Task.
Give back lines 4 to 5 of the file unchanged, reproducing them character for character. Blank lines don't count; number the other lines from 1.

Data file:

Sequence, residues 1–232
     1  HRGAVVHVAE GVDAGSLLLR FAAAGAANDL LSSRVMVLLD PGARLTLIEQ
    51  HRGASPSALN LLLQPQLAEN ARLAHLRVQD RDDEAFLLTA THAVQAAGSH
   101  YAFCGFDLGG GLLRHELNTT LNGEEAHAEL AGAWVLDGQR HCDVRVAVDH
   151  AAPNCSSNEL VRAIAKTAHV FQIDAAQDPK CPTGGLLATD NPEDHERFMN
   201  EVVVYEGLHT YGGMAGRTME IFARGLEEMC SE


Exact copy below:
   101  YAFCGFDLGG GLLRHELNTT LNGEEAHAEL AGAWVLDGQR HCDVRVAVDH
   151  AAPNCSSNEL VRAIAKTAHV FQIDAAQDPK CPTGGLLATD NPEDHERFMN